Foods and beverages do not cause the development of ulcers. If you experience pain after consuming apple cider, you may have an underlying digestive condition. Certain lifestyle choices and a bacterial infection in the intestines are the two main causes of ulcers. The citric acid in some brands of apple cider may aggravate the open sores in the digestive system. Any symptoms that develop from drinking apple cider need to be reported to a doctor.
Ingredients in Apple Cider
Apple cider and apple juice are not all that different. According to BonAppetit.com, many manufacturers of apple juice market the same product as both apple juice and apple cider. True apple cider has no ingredients other than apples. The traditional difference between apple juice and apple cider is that the cider is typically not pasteurized and is left unfiltered. Consuming apple cider should not cause digestive complications. Any symptoms that develop may be sign of a more serious condition.
The Formation of Ulcers
Ulcers develop when the protective lining of the digestive system weakens and erodes. As a result of erosion, soft tissues underneath are exposed to harsh digestive acids and chemicals that cause irritation. The main cause of peptic ulcers is the presence of the H. pylori bacterium, which weakens the lining of the digestive system. Other causes include smoking, overuse of alcohol and daily use of non-steroidal anti-inflammatory pain relievers. Foods and beverages do not cause ulcers to form, but certain foods may trigger ulcer pain.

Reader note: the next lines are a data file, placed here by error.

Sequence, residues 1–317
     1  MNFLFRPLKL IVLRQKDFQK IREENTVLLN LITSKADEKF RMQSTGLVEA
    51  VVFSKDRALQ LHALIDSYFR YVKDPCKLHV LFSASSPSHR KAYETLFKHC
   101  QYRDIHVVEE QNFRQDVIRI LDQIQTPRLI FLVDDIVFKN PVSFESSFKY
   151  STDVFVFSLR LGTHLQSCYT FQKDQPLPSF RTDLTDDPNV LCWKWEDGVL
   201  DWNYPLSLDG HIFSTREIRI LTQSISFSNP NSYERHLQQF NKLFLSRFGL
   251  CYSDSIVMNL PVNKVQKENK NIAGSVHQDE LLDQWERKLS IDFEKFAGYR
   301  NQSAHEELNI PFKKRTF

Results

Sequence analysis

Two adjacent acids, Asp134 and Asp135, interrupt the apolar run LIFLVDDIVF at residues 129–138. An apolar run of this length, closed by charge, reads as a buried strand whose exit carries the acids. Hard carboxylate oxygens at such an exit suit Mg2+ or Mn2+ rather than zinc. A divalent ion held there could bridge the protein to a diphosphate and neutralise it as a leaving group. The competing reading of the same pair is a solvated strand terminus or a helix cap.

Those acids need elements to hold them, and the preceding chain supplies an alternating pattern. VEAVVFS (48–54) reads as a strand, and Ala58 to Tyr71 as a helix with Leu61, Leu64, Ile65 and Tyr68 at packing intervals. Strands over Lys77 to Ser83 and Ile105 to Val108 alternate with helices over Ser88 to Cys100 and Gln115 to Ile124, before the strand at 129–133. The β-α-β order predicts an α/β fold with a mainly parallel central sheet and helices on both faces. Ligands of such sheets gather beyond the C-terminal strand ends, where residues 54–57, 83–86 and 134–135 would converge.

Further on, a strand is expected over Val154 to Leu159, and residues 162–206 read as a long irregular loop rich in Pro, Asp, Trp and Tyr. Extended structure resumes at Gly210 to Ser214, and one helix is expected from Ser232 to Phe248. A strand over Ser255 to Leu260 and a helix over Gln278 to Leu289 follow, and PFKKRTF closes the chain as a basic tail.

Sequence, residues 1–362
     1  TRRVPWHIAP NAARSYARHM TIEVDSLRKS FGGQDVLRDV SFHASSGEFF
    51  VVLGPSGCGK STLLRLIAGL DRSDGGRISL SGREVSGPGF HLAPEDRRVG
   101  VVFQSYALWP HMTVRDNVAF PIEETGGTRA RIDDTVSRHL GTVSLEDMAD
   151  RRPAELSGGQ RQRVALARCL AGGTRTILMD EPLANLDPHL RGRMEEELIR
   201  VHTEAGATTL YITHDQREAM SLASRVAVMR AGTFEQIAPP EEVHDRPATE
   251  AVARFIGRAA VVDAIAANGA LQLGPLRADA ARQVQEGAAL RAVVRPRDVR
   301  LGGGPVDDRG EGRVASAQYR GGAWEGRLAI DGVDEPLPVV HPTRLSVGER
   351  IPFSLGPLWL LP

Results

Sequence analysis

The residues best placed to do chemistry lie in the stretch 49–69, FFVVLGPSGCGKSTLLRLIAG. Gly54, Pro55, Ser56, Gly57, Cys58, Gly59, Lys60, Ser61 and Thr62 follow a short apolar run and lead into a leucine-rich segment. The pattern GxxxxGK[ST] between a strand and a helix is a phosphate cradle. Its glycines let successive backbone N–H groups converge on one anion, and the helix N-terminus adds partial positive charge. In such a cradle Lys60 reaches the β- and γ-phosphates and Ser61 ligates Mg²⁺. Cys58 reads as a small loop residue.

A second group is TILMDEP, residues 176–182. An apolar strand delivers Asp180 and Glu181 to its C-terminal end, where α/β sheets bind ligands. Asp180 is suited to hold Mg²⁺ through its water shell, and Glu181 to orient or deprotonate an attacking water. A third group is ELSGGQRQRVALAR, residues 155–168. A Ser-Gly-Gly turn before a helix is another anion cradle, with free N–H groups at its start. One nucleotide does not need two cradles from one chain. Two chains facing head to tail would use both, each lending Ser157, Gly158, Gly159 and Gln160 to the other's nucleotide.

The pain you experience after consuming apple cider may be related to another digestive condition. Common digestive conditions that can lead to adverse reactions after consumption of apple cider include gastroesophageal reflux disease or GERD, irritable bowel syndrome or IBS and fructose intolerance. GERD causes frequent heartburn that manifests as a burning and painful sensation behind the breastbone. IBS is a common digestive condition that causes stomach pain, cramping, diarrhea or constipation. Consuming certain foods can trigger IBS symptoms, which you may confuse with ulcer pain. Fructose intolerance is the inability to digest the sugar in fruits and fruit juices. Fructose intolerance is incurable and may require avoidance of all sugar.
If you are diagnosed with an ulcer, your doctor may recommend over-the-counter or prescription medications. Antibiotics are commonly prescribed to kill the bacterium that's causing the ulcers, along with acid reducers to neutralize any acid in the stomach or intestines. Certain foods and beverages, such as alcohol, caffeine, spicy foods or highly acidic foods, can cause abdominal pain if you have an ulcer.